Someone forgot to remind legislators hell-bent on slashing judicial budgets in recent years that a unified court system does not call for one-size-fits-all funding.
Rural districts have different concerns than those in the cities, especially those that span across counties. There are more miles to cover and more courthouses to keep open.
And the effects of cuts to one segment of the system are not contained; rather, they ripple out in unanticipated ways. Cuts in the number of magistrates, for example, do more than slow down the processing of suspects under arrest; they create public safety issues district-wide.
Perhaps legislators just misunderstood how the many moving parts of local judicial systems work together and underestimated the impact that cuts in one area can have on another.
“It’s important for people who are looking at budget and policy to listen to the folks who are on the ground,” said Joe Buckner, Chief District Court Judge in Chatham and Orange counties. “It’s important to understand that we’ve got 100 counties that need effective court systems for public safety purposes, for victim’s rights and for defendant rights.”
Or perhaps legislators just haven’t been listening to pleas for more tailored and responsible cuts.
Either way, what has resulted from across-the-board cuts is not only a court system on the brink of dysfunction but also one that is quickly becoming unified in name only.
“The justice system has a lot of different stakeholders, and we’re all responsible,” said Sam Cooper, Clerk of the Superior Court in Chatham County. “We try to go forward with a unified and single voice, and I think reasonably so we’ve all worked together. But there’s going to be a point when we all turn on each other.”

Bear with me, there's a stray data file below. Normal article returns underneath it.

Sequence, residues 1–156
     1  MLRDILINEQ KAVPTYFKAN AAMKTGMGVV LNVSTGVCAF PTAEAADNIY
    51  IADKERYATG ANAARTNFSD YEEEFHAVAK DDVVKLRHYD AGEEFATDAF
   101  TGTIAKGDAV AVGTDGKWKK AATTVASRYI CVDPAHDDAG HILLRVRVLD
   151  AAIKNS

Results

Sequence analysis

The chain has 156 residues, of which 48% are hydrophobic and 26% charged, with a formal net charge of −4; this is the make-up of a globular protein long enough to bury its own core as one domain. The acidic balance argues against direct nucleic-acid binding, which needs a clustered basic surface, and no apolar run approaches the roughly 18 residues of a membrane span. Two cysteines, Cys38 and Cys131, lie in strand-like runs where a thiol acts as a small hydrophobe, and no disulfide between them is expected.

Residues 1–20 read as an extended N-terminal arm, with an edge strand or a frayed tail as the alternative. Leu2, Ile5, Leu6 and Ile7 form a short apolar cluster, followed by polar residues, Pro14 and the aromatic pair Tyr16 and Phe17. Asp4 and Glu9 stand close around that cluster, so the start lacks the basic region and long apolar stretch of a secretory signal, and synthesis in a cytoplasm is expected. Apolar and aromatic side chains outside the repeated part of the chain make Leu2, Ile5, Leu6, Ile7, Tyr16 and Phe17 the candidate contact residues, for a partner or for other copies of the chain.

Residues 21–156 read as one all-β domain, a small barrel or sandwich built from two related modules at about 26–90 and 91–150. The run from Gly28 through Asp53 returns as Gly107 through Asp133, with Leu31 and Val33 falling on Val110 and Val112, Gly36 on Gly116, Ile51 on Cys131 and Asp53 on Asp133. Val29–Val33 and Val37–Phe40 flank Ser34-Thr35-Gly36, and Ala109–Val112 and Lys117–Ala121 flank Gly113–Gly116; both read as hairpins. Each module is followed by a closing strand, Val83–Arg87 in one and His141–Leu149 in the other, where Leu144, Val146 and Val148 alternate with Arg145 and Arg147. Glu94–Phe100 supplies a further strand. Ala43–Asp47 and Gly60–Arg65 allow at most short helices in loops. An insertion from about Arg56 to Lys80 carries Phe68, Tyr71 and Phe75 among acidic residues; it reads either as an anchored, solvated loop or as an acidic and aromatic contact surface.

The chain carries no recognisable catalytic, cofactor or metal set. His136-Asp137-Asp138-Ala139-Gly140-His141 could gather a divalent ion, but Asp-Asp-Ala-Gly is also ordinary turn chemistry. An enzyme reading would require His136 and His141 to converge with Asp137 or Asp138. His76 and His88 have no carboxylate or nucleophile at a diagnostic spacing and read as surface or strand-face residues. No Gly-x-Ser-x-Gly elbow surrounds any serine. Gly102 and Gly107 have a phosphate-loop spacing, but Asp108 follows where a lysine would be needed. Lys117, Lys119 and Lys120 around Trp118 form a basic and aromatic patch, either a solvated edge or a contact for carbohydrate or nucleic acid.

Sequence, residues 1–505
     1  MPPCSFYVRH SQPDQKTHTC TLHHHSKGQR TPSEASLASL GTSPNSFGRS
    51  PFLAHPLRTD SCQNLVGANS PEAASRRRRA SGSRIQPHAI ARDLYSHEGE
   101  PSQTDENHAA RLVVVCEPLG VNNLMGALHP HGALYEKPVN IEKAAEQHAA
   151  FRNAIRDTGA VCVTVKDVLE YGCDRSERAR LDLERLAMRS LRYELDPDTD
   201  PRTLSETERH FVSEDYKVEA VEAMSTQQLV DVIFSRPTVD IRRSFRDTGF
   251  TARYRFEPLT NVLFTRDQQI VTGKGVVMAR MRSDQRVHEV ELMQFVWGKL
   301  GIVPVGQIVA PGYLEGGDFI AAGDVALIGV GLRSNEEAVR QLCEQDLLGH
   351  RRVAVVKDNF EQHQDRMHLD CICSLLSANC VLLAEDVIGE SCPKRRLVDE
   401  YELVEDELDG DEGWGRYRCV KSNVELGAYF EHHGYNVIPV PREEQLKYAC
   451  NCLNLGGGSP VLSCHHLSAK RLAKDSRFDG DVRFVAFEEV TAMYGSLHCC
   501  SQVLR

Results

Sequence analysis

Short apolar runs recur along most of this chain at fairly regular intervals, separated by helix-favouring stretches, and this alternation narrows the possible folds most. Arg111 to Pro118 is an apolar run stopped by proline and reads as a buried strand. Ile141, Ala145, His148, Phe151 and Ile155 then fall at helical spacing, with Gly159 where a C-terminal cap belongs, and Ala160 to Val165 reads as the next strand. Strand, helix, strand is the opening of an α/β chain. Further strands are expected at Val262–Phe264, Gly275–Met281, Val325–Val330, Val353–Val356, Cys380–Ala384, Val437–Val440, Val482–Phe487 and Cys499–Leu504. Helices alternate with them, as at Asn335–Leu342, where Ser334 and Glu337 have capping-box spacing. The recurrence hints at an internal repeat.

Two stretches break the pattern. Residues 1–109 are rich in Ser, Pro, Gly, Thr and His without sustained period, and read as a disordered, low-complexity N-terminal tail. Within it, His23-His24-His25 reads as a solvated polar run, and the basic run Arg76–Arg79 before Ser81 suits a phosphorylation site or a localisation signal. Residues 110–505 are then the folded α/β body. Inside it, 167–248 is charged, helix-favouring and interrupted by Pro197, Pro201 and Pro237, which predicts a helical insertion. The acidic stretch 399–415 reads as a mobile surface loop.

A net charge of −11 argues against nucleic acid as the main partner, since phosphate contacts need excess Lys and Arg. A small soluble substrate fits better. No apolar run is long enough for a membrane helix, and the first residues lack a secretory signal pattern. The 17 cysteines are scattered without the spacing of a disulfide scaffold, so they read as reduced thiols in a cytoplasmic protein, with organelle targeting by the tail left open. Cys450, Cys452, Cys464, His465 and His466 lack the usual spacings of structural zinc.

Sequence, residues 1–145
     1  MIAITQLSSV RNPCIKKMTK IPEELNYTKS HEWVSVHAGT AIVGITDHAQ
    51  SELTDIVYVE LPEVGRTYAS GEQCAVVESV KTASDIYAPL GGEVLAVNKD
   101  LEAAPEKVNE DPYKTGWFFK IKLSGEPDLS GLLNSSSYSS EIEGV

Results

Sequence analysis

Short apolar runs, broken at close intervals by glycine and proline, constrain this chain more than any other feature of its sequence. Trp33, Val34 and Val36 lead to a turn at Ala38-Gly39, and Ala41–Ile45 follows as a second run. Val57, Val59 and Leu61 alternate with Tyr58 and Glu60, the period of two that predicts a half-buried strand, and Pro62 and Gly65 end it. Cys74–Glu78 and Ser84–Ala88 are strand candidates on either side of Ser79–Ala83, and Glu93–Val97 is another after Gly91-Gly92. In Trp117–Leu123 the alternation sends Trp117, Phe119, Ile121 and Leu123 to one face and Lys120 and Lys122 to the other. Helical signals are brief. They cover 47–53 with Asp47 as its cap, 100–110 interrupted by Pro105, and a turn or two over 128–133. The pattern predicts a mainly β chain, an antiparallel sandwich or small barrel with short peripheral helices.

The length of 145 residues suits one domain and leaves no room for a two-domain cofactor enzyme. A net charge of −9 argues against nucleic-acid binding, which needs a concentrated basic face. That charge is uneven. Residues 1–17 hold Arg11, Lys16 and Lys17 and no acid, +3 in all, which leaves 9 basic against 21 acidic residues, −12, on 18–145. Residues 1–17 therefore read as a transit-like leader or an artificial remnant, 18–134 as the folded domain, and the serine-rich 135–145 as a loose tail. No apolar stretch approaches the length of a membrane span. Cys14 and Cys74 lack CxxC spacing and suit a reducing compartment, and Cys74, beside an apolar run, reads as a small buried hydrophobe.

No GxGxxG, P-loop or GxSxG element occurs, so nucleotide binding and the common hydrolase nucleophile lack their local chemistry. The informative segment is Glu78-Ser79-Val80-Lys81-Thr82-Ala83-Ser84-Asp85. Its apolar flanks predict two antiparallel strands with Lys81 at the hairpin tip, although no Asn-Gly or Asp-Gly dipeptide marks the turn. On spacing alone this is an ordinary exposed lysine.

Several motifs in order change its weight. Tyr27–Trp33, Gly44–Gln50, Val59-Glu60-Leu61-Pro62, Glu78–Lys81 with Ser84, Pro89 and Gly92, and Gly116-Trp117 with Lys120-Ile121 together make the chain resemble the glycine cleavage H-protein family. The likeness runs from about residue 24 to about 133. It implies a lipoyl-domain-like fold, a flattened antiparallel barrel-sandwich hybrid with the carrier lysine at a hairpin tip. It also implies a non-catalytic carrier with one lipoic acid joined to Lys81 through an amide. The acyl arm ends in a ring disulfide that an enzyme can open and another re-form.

“There’s no cavalry around”
Judicial District 15B, which stretches across Chatham and Orange counties, has been hardest hit by the loss of four magistrate positions, Buckner said.
Orange County dropped from nine to seven magistrates who sit in Hillsborough and Chapel Hill – though Chapel Hill is open only from Thursday through Saturday now.
And Chatham County went from six magistrates to four. Those magistrates used to sit in both Pittsboro and Siler City, but cuts forced the closure of the Siler City location.
That’s presented logistical as well as public safety problems in both counties in the district.
If officers make an arrest in Siler City, near the western border of Chatham County, they have to drive 17 miles to get to the magistrate in Pittsboro, Buckner said. That leaves the Siler City police department with just a skeleton crew to handle any incidents that might arise in the meantime and endangers the entire county.